What is Natural Refrigerant?

As the world moves towards more environmentally friendly changes, demand for natural refrigeration options continues to rise. Transitioning to natural refrigerants allows us to begin eliminating ozone damaging products from our daily use. Found naturally in the environment, natural refrigerants offer a more environmentally friendly and sustainable alternative to the synthetic refrigerants commonly used.

So, what, exactly, are natural refrigerants and how do they help?

Important Terms:

Let’s start by defining important terms when looking up natural refrigerants:

GWP - stands for Global Warming Potential. This rating shows the impact of a specified refrigerant on global warming. More specifically, it measures the global warming impact relative to the effect of the same amount of carbon dioxide over a period of 100 years. The higher the GWP rating, the greater the effect.

ODP - stands for Ozone Depletion Potential. This rating indicates the amount of damage that a substance can cause to the ozone layer. These substances fall on a scale from 0 to 1. Like GWP, a higher ODP rating means more damage done.

ODS - stands for Ozone-Depleting Substances. These consist of chemicals, or compounds, which contribute to the depletion of the stratospheric ozone layer.

What is refrigerant?

Refrigerant consists of a compound typically found in a gas or fluid state that can easily absorb heat from its environment. This means it works well as a heat transfer system in refrigeration and HVAC systems such as home air conditioners or heat pumps, as well as in vehicle air conditioning and refrigeration compressors.

Common types of refrigerants include:

Chlorofluorocarbons (CFCs) - includes R12 refrigerant, also called CFC-12 or sold under the trademarked name Freon. These refrigerants were banned in 1994 due to their high contribution to the greenhouse gas effect.

Hydrochlorofluorocarbons (HCFCs) - includes R22 refrigerant. Though slightly less damaging to the ozone than R12, use of these refrigerants was completely phased out by 2020. However, existing air conditioners and refrigeration equipment may still use it.

Hydrofluorocarbons (HFCs) - includes R410A, R404A, R134A. They lack chlorine, which makes them safer for the environment. However, they still cause some damage and hold a fairly high GWP rating.

Sometimes called high-GWP gases, these refrigerants come with a high GWP rating, often in the thousands. The EPA states that carbon dioxide refrigerant offers a GWP rating of 1 “regardless of the time period as it’s the gas used as reference.” It features an ODP rating of 0, meaning it doesn’t deplete the ozone layer. In comparison, R22 refrigerant, an HCFC, holds a GWP rating of 1,810 and an ODP rating of 0.5.

Natural refrigerants are considered natural because these substances occur in nature. Commonly used natural refrigerants include ammonia (R717), carbon dioxide (CO2, R744), and hydrocarbons like refrigerant-grade propane (R290) or isobutane (R600A).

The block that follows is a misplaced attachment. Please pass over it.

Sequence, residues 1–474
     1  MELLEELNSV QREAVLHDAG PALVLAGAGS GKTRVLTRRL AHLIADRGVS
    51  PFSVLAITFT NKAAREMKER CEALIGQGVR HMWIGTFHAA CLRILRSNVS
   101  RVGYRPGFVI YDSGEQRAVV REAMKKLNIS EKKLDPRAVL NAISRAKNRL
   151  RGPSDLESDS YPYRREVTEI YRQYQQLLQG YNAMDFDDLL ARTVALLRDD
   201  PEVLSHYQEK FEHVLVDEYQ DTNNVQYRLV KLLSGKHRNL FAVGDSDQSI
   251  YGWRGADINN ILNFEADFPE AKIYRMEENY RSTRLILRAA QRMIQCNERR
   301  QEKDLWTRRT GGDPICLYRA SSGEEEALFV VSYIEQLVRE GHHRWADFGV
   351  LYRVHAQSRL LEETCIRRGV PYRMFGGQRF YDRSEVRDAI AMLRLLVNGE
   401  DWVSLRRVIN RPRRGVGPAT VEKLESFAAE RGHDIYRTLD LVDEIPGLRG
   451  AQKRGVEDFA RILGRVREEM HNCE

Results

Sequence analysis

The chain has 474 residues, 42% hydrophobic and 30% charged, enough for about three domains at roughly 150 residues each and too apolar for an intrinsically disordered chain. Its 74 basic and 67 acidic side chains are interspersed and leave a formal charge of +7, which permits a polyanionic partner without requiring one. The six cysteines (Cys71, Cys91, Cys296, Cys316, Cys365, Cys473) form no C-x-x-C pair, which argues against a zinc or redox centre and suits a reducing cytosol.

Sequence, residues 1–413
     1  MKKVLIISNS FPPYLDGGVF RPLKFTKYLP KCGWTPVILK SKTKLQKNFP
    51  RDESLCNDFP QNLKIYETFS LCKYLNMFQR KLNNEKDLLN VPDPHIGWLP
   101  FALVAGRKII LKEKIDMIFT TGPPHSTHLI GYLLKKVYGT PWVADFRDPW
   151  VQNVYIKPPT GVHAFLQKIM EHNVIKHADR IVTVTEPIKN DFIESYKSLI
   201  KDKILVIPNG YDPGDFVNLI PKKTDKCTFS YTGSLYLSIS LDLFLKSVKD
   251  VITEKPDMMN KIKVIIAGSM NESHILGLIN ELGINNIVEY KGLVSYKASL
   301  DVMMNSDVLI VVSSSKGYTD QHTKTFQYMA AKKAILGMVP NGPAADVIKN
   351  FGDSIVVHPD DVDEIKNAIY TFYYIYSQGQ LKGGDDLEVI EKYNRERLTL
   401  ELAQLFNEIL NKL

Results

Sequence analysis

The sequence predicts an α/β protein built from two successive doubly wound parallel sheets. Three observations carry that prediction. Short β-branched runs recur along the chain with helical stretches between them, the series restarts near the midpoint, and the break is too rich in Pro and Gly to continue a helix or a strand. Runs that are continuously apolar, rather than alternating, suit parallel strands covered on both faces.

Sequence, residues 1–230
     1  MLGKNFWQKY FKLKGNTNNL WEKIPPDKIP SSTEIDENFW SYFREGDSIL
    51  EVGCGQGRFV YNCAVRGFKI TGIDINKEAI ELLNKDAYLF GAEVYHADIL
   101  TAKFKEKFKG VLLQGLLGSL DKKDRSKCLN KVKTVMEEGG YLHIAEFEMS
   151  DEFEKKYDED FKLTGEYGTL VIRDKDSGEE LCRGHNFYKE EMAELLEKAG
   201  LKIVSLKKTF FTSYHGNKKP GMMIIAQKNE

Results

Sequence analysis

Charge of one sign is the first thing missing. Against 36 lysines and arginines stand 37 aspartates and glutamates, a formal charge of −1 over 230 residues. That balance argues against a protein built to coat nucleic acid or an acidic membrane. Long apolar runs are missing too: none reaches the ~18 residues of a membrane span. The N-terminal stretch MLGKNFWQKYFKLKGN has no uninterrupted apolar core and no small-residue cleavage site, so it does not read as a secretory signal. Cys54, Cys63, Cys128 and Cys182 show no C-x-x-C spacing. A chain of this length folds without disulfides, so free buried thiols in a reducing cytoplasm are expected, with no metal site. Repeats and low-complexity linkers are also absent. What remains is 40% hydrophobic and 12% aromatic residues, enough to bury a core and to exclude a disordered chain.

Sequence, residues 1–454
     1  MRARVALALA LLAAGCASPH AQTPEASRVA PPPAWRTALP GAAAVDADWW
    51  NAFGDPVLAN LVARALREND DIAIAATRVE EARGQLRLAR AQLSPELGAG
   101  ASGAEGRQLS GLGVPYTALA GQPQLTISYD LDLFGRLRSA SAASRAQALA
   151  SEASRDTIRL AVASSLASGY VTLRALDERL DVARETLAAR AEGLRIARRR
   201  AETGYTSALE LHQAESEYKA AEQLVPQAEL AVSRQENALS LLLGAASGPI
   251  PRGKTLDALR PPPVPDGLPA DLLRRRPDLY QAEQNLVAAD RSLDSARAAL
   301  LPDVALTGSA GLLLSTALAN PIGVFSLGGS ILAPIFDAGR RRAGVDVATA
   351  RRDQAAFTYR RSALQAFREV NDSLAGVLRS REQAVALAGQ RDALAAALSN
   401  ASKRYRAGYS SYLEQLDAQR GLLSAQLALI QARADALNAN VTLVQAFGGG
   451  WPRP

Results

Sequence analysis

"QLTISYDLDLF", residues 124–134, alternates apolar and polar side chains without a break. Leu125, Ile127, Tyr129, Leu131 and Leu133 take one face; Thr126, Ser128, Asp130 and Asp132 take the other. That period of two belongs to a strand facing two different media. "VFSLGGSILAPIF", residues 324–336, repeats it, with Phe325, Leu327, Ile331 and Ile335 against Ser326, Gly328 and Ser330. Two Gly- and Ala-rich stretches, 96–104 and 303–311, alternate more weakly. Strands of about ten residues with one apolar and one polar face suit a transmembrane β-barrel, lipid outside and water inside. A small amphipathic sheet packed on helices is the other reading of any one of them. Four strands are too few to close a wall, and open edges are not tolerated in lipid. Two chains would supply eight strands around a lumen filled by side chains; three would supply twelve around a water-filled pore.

Why use natural refrigerant?

Following the Montreal Protocol, the United States began phasing out CFCs in the 1990s, and currently continues to phase out HCFCs and HFCs. Due to their high GWP and ODP ratings, synthetic refrigerants pose a threat to the environment. The United States Environmental Protection Agency (EPA) continues to phase out damaging refrigerants. According to the EPA, damaging refrigerants “reach the stratosphere where they deplete the stratospheric ozone layer.” This damages the environment as the ozone layers helps to “protect us from harmful ultraviolet (UV) radiation that can cause skin cancer and cataracts.”

Natural refrigerants provide a more environmentally friendly and sustainable alternative to high-GWP refrigerants. According to Better Buildings, a U.S. Department of Energy initiative, natural refrigerants provide a zero or near-zero GWP rating. They can decrease “energy, gas, and water consumption” while “permanently reducing greenhouse gas emissions from refrigeration.” Additionally, they don’t damage the ozone layer.


By switching to natural refrigerants, we can help protect the environment. Natural refrigerants see use in a variety of home uses, such as air conditioners, heat pumps, and refrigeration compressors. But don’t worry! Many manufacturers of these items continue to switch to more natural options. HomElectrical carries a selection of refrigeration compressors, including options that use natural refrigerants, like this R-290 compressor, and more.

Recommended Reading

A leader in the cold chain since 1971, Embraco pioneered variable speed and natural refrigerants in their cooling solutions. Read about and shop Embraco products at HomElectrical today!

A refrigerator compressor works to compress and control the flow of refrigerant. Read our guide to learn about the pros and cons of each type of compressor and find the one that works best for you.

Avery Dietzen
Avery Dietzen

Originally from Wisconsin, Avery earned her degree in English before making the trip down to the Atlanta, GA area. Writer by day, reader by night, she prides herself on having a creative outlook and tries to instill that in everything she writes. As a content writer for HomElectrical, she uses her skills to share tips and tricks about lighting, HVAC, and going green. If she’s not writing, she’s reading, painting, hanging out with her dog, or spending time with family and friends.

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